It occurred to me that if I can find a YouTube video to help my husband fix our garage door or teach me how to apply the perfect smoky eye, surely I could find a video with horse training techniques. YouTube came through for the win! A plethora of videos exists with horse
trainers assisting other horse trainers on different subjects, from calming an agitated horse to assisting a pregnant mare during the birthing process. One video directly influenced the scene in TO TAME A SCANDALOUS LADY when Flora calms Asad in the practice ring. Another video came in handy when I wrote the scene when Flora helps Bonnie to deliver her foal. Aside from training videos, I also watched videos of old races, like Secretariat’s historic, record-setting victory at the 1973 Belmont Stakes. Watching him dominate the field by thirty-one lengths still brings tears to my eyes.
Aside from Youtube videos, I also indulged in my favorite horse films, including Secretariat and Seabiscuit. An integral part of Asad’s racing strategy is inspired by Seabiscuit, but the depth of emotions the actors conveyed during critical parts of the storyline helped put me in the right headspace to write the dark moments between Flora and Christian…and to also remind me that success and a happily ever after waited for them.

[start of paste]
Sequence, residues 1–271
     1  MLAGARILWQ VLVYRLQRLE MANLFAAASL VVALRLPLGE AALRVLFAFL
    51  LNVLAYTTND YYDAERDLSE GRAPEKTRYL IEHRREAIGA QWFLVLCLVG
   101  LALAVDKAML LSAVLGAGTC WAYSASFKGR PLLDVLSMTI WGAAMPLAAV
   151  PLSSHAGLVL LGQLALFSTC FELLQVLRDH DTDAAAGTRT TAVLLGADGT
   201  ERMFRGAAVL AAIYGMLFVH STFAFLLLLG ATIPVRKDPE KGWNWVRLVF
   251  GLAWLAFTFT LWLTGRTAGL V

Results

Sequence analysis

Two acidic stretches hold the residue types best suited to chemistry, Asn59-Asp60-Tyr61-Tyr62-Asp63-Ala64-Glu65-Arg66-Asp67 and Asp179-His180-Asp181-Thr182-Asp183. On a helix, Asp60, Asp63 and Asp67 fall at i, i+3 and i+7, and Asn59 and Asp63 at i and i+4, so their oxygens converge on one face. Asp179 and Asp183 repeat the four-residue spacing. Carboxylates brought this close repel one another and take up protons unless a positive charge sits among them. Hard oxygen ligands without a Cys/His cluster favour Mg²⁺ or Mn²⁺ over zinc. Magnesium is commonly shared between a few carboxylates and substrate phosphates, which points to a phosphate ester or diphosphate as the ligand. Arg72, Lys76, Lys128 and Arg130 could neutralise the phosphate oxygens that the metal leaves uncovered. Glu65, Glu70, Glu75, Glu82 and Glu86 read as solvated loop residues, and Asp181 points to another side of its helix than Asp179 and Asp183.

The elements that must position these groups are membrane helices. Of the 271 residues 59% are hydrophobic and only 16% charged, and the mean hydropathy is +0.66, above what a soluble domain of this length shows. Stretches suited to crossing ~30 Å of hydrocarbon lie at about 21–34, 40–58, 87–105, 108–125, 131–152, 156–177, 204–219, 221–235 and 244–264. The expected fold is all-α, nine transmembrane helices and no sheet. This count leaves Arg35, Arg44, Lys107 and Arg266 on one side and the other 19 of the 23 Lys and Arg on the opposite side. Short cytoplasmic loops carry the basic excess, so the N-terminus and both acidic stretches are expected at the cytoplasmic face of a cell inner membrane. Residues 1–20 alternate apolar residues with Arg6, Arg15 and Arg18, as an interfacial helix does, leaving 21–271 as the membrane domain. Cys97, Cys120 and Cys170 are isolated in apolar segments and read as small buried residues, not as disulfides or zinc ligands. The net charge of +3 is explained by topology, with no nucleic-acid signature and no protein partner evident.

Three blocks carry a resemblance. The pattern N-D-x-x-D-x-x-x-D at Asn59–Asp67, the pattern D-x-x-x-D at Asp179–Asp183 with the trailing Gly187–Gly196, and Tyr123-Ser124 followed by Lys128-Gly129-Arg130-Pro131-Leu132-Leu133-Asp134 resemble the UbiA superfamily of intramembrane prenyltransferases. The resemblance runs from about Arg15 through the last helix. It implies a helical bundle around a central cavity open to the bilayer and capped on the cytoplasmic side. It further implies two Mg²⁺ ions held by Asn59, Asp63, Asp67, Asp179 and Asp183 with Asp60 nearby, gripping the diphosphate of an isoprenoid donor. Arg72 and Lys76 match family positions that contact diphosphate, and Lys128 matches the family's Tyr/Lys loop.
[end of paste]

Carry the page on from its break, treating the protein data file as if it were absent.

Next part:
My research has given me a new appreciation for the storied sport of horse racing, and while there are many troubling aspects of the sport today, at its heart, I still think it a celebration of the very best in humans’ noblest companion, the horse.
Once Upon a Scandal
“Sparkling, sensual, and oh-so-smart!” —Lenora Bell, USA Today bestselling author
In the wake of a fire that decimates his racing stock, Christian Andrews, the Marquess of Amstead, struggles to keep his family’s stud farm from slipping into ruin and painstakingly rebuilds the program. When one of his prime stallions is injured, he notices his new assistant trainer has a special way with the horses. As talented as the trainer is, once he realizes he is a she. . . and a very beautiful, spirited she at that. . . he should sack her before scandal breaks. But it’s only weeks before the high stakes race he’s counting on to build back his fortune, and Flora should be by his side for the win.